Gays, the churches and the right

When Cameron fluffs his lines in a Gay Times interview, he points to the wider problem that the modernising right has with homosexuality
Kim Andersen
28 March 2010

David Cameron recorded this interview with Gay Times, which exemplifies the confusion of the right over how to treat homosexuality. Cameron is not sure whether he should be human-rightist, libertarian, identitarian or just sufficiently unclear to both appear reforming and preserve his more old-fashioned base. Cameron's line-fluff is actually rather refreshing, but so rare that it points to the wider fault-line.



All over Europe and probably the rest of the world gay rights are on the agenda. One issue is whether same sex marriages should be legalised. In Europe as well as in the United States this issue attracts much debate. Tory leader David Cameron says his party has been on a journey towards greater openness on gay partnerships. A move all conservative parties have to take, he claims. In Denmark the Conservatives have undertaken such journey and abandoned their prior negative stance on same sex marriages although they will not give it the same legal status as a heterosexual marriage. In Sweden only the Christian Democrats opposed same sex marriage, and today hetero- as well as homosexuals can get married in the church. In Germany, however, things are not as pink as in the neigbouring countries. The Christian Social Union has called it the greatest attack on marriage as an institution. In France similar discussions have taken place.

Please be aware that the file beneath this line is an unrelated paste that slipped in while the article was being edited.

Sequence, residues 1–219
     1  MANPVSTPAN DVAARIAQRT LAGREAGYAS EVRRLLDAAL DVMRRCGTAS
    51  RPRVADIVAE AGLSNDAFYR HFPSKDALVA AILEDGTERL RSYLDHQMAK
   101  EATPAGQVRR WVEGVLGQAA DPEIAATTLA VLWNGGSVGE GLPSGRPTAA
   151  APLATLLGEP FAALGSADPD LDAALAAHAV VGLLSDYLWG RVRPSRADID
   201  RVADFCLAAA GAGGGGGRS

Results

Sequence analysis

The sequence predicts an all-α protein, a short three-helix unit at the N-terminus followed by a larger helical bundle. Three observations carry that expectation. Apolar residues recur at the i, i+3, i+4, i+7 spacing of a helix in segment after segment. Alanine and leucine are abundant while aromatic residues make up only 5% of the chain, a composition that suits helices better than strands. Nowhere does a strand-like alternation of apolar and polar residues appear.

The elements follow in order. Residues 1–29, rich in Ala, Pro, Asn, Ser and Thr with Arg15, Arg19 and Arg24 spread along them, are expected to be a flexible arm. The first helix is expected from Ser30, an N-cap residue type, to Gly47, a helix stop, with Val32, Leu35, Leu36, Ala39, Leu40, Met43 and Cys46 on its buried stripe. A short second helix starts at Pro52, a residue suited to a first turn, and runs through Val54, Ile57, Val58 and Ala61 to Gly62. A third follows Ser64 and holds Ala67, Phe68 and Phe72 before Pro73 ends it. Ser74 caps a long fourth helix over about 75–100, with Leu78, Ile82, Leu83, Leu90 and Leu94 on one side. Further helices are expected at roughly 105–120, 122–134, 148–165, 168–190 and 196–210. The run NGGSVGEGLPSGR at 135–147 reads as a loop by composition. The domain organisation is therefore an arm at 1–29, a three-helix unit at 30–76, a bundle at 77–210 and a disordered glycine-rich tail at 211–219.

While the politicians often use theological arguments against same sex marriages as in the Danishand German cases, the respective churches have completely different views. While many American states ban same sex marriages, the Episcopal Church promotes gay priests. The state controlled Church of Denmark allows vicars to bless gay couples. In Sweden same sex marriages in the church are allowed, but not all vicars want to go through with the ceremony. The German church seems to be in a void similar to the secular society. A German vicar has been removed from his parish when he blessed a gay couple. Just like the German church the English church seems to be divided on the issue. This division might be a thing of the past since the House of Lords have approved a new bill that outlaw bias towards minority groups – including homosexuals.

It is interesting to try to understand why the pre-modernising right has such deep homophobic tendencies. There is, after all, nothing that goes against tradition in homosexuality. It may be that homosexuality is seen as a threat to social order because of the hedonism associated with it: social order cannot survive so much enjoyment.

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